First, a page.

After Wet debuted their self-titled EP in late 2013, four iridescent pop songs backed by sparse electronic production, the band’s music sent ripples through the Internet. It was a success story tailored for the Spotify era, and almost immediately, the three college friends had captivated the attention of legions of fans and major labels.

When I meet Wet at Music Hall of Williamsburg, they seem exhausted, and for good reason; Marty Sulkow, Joe Valle, and Kelly Zutrau have been treading water for quite a while. Following the EP’s success, they signed with Columbia Records and spent the summer of 2014 recording and perfecting their debut album in a period of isolation spent in Western Massachusetts. Since that time, although the band has released three singles and promoted their music tirelessly, the album has yet to come out.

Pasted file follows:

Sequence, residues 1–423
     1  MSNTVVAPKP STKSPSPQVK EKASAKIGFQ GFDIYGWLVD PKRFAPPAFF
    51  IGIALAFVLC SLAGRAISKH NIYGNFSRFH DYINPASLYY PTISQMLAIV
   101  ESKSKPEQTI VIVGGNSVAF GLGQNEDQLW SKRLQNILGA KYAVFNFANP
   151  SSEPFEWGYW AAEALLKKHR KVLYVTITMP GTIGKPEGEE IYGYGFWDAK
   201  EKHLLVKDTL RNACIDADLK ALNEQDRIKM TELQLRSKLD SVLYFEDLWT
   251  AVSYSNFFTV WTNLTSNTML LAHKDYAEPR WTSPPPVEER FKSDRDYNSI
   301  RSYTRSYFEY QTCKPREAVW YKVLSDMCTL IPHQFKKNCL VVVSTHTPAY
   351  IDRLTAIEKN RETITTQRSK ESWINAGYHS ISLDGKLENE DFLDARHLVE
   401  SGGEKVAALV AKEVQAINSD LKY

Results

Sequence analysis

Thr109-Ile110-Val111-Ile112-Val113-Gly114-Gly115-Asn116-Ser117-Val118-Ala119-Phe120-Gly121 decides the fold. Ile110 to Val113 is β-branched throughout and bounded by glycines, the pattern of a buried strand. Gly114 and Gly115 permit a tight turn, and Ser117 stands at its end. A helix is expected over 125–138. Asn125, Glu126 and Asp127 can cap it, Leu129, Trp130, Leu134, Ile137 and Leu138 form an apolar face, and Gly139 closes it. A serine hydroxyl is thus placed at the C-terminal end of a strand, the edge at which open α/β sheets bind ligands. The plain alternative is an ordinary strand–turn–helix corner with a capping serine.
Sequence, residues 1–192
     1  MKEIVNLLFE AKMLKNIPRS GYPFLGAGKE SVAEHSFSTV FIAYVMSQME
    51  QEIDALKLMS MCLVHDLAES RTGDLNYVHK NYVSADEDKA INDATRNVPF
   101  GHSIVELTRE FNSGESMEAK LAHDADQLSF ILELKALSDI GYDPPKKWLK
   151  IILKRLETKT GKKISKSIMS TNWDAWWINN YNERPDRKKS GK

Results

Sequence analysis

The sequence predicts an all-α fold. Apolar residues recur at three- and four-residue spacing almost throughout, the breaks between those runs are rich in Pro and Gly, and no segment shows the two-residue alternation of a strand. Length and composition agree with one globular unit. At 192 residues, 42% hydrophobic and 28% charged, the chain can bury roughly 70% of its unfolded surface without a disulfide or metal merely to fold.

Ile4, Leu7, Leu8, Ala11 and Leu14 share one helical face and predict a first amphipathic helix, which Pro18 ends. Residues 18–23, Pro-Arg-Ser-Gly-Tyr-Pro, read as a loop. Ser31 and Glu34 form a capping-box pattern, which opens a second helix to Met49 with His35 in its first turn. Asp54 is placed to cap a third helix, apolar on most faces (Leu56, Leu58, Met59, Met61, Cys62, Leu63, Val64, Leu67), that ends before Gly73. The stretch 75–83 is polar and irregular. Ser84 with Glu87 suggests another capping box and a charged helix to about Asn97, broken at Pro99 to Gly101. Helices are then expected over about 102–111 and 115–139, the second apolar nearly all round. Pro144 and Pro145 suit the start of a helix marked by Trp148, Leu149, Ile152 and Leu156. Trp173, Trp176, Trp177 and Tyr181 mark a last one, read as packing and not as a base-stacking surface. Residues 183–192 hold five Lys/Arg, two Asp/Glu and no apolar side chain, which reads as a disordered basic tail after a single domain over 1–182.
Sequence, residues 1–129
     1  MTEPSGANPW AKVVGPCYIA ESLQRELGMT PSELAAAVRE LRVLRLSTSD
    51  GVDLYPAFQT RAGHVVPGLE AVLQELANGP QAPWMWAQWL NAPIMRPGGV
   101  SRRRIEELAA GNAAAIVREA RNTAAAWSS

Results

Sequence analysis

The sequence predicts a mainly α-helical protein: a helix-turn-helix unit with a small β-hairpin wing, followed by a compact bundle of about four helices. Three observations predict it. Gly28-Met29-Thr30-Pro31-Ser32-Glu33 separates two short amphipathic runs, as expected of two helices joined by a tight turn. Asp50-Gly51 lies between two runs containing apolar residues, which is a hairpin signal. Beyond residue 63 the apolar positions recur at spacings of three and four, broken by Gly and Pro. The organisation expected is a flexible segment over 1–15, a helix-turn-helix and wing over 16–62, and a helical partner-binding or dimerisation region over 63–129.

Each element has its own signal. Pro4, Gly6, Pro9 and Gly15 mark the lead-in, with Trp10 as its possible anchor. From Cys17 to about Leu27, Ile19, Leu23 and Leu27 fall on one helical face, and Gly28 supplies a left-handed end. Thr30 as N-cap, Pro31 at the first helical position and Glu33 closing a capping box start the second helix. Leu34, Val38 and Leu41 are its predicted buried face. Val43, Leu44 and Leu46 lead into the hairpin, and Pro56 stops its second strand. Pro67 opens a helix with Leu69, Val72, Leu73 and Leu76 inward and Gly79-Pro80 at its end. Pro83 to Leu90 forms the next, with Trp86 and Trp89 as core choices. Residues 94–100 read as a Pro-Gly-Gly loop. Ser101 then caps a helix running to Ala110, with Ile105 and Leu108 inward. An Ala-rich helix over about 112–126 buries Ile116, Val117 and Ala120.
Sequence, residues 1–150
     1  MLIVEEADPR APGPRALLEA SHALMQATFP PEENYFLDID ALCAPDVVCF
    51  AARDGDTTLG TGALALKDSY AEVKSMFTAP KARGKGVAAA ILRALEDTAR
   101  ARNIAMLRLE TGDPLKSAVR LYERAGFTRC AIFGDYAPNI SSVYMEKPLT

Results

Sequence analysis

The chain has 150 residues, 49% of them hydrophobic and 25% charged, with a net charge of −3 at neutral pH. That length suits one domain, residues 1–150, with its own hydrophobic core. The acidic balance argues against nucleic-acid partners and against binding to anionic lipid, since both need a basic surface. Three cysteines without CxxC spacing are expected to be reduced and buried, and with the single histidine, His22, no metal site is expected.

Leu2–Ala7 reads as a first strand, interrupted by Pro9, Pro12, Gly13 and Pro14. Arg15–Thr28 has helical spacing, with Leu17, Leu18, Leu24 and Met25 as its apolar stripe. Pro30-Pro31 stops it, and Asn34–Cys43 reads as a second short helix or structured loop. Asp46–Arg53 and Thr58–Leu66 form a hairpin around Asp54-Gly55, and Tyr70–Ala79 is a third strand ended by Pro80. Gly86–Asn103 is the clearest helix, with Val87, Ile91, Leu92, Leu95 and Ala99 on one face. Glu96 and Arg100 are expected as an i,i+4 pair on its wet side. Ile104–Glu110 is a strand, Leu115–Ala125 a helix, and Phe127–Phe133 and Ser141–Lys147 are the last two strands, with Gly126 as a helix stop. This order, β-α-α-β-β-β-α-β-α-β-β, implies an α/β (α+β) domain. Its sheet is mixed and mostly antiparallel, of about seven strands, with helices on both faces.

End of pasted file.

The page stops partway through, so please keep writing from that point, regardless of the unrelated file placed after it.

But it finally seems as though the tide is moving in the Brooklyn trio's direction. Their album Don't You, a gorgeous collection of songs that expands on their established sound with more lush instrumentation and meticulous songwriting, will be released on Jan. 29. I spoke with the band before their sold-out show with Tobias Jesso Jr. about the making of the highly anticipated LP.

How fitting that we’re speaking at CMJ Festival when two years ago this was right around the time that the EP came out, and now you're promoting the album. How do you feel you’ve grown in that time span?
Kelly Zutrau: I was just thinking about those shows on the walk over here, how that was our first time ever playing five shows in a row within three days, and how I had the same sick feeling that I have today. It's different because we can totally handle it now, and at that time I got deathly ill.